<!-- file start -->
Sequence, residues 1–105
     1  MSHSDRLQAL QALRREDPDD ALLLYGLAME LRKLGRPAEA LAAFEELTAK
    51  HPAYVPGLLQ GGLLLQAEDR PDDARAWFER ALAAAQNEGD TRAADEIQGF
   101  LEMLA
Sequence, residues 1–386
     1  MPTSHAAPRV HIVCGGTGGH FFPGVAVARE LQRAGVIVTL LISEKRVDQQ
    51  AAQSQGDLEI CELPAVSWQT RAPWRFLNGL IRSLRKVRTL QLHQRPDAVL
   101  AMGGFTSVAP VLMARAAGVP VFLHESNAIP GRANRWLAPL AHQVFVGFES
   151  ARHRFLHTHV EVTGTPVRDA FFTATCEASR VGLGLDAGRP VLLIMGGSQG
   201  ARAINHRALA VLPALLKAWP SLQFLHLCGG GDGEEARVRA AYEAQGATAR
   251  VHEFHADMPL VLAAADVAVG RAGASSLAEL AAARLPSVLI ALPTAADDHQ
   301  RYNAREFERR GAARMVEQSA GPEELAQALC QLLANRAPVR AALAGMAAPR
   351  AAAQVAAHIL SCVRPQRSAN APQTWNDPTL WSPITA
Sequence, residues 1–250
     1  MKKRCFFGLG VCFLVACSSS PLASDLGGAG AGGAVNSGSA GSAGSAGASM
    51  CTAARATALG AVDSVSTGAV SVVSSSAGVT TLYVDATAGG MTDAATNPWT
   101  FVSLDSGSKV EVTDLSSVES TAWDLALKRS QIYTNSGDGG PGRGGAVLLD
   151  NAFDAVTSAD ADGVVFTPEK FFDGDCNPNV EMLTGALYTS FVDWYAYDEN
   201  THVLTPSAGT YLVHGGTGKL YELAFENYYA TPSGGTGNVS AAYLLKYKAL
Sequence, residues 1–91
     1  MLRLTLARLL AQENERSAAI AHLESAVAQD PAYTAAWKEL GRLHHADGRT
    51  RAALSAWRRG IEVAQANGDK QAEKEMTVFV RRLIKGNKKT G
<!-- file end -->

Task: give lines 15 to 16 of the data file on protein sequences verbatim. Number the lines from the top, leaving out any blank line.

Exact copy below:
     1  MKKRCFFGLG VCFLVACSSS PLASDLGGAG AGGAVNSGSA GSAGSAGASM
    51  CTAARATALG AVDSVSTGAV SVVSSSAGVT TLYVDATAGG MTDAATNPWT